“Let Us In,” a kids-fighting-evil movie in the vein of “The Goonies” (1985) and Netflix’s “Stranger Things,” is creepy-cute and cheerfully corny. Directed by Craig Moss and inspired by an urban legend, the story (by Moss and JW Callero) plunks us down in a fictitious small town where teenagers have been mysteriously vanishing.
The first pair we meet clearly didn’t get the memo that necking in the woods after dark is asking for trouble. And when a group of foul-smelling, dark-eyed adolescents menacingly materializes — the leader asking, “Will you let us in?” — the resulting attack is soon followed by others. While parents and law enforcement remain oblivious or skeptical, 12-year-old Emily (Makenzie Moss) and her friend, Christopher (O’Neill Monahan), begin sleuthing.
Reaching back fondly to the 1980s and 90s, Moss seeds his movie with familiar faces (Tobin Bell is, of course, the town weirdo), generic setups (though one eerie scene makes the most of an after-hours coffee shop) and silly science fiction. Yet the film’s derivativeness — residents literally fight darkness with light — is countered by strong acting from the two leads and a director who just might be having the time of his life.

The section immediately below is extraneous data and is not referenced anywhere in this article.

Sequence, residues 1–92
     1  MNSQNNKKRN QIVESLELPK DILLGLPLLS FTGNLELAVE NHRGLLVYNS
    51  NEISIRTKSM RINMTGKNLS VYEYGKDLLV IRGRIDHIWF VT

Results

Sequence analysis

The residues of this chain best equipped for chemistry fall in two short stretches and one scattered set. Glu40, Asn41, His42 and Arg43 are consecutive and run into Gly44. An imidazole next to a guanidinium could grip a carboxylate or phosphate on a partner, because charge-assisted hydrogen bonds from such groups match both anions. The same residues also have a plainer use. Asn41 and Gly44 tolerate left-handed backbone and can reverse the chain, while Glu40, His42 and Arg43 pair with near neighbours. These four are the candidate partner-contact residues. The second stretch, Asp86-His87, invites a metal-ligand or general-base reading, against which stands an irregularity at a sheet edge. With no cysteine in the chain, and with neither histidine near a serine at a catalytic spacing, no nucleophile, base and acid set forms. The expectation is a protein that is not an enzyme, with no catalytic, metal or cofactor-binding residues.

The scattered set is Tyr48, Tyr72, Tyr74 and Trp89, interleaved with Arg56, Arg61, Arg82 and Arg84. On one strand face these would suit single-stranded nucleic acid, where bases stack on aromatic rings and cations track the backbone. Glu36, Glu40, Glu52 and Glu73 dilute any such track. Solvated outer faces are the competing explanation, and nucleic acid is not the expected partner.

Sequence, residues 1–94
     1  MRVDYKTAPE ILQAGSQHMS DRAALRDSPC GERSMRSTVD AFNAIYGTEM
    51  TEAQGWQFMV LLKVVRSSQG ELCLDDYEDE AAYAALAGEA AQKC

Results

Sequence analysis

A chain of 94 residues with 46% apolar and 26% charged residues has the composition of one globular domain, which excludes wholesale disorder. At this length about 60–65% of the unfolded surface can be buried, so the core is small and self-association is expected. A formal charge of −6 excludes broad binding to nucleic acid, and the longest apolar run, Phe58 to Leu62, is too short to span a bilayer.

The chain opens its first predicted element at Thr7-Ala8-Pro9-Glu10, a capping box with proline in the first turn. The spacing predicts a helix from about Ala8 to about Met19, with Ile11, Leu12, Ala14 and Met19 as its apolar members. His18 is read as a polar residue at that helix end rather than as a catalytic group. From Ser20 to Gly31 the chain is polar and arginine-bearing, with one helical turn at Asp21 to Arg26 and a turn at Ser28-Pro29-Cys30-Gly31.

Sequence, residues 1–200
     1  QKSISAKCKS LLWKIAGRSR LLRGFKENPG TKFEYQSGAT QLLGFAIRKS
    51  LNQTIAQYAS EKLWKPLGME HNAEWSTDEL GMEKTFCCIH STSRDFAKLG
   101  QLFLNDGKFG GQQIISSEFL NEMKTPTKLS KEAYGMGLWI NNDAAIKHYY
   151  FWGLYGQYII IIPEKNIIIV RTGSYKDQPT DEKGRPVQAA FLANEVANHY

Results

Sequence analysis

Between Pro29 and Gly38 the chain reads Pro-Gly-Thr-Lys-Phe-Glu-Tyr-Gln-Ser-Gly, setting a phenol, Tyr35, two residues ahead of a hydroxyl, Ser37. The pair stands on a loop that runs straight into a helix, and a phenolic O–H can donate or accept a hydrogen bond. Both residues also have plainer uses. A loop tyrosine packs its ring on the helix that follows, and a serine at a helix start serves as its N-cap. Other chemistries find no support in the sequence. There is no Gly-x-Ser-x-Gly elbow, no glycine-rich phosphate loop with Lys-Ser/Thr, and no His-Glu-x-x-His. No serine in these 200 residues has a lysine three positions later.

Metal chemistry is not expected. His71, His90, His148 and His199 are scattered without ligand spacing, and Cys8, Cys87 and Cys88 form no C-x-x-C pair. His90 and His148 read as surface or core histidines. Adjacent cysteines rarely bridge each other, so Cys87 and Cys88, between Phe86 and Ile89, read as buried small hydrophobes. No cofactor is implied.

That apparent delight seeps into almost every frame, giving the film a guileless warmth that drew my good will. (Though Moss already had that when he cast Judy Geeson — a stalwart of notable dramas and lurid thrillers since the 1960s — as Emily’s grandmother.) The villains of “Let Us In” don’t do much besides lurk and pounce, but, for their director, that seems to be enough.